co-ops

On the latest episode of Getting In: A College Coach Conversation, host Sally Ganga digs into the supplements for Barnard College and Washington University in St. Louis, the ins and outs of co-ops, and the financial implications of attending a college with a co-op program.

Essay Prompts: Barnard College and Washington University in St. Louis

Admissions expert Kyra Tyler joins Sally for the first segment to discuss two interesting supplemental essays prompts from different institutions. A student can learn a lot about what a college values by reading into their prompt, and this rings true for both Barnard College and Wash U. If you’d like to learn more about either of these colleges and their supplemental essays, tune into this segment!

Co-op Programs: What are they?

Northeastern University and Drexel University are known for their co-op programs, so we are fortunate to have former admissions officers from these institutions join Sally for this segment. Sara Calvert-Kubrom of Northeastern and Kennon Dick of Drexel go over everything a student needs to know when considering co-ops as a professional opportunity to complement their academic work. If you think you might be a good fit for a co-op education or are wondering how it differs from internships, you need to listen to our experts!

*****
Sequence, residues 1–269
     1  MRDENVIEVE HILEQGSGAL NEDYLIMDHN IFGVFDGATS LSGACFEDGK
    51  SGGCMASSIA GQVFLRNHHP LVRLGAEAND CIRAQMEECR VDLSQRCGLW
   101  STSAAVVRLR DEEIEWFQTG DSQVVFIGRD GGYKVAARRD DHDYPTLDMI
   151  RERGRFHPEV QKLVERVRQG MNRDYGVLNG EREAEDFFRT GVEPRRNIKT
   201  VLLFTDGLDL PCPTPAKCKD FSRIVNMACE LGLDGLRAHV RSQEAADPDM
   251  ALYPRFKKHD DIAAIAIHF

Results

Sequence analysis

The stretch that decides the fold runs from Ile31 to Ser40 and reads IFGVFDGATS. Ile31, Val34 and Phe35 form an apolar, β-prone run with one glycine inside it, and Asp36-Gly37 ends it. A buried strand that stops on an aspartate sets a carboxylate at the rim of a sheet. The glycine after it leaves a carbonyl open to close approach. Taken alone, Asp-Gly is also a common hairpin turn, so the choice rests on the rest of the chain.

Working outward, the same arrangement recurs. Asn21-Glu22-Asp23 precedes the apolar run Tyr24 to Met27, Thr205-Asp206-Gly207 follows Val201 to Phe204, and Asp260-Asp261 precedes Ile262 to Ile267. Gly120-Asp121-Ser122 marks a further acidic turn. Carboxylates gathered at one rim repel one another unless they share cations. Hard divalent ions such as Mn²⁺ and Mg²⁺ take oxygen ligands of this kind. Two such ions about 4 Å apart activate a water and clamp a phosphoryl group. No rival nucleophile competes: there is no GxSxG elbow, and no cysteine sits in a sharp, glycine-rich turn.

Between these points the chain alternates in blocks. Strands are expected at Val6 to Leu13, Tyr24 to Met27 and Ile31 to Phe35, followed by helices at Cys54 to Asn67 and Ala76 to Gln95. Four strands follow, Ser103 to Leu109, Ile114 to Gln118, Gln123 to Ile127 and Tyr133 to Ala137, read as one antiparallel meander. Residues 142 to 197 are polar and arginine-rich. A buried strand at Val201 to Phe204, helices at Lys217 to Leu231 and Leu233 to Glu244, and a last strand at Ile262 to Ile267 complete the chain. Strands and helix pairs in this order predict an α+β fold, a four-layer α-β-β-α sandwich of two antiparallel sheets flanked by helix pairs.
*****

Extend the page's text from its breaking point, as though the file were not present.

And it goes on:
Co-op Programs: What are the financial implications?

Continuing the conversation on co-op programs, finance expert Laurier Peltier joins to cover the financial implications for students. Will families have to pay tuition, room/board, or other costs to the college while the student is on the co-op? Are the earnings from the co-op taxable? And, perhaps most importantly, how does a co-op impact a financial aid award from the college? Laurie and Sally answer everything you need to know about co-op finances.

On the next episode of Getting In: A College Coach Conversation, Elizabeth Heaton will go over the nuts and bolts of submitting an application, how to follow up to confirm it was received, and whether it’s possible to receive in-state tuition as an out-of-state student at a public university.

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Written by Lauren Randle
Lauren Randle is a member of College Coach’s team of college admissions experts. Prior to joining College Coach, Lauren worked as a senior admissions officer at Georgetown University and previously held positions in college counseling at Malvern Preparatory School and the Canadian International School of Hong Kong.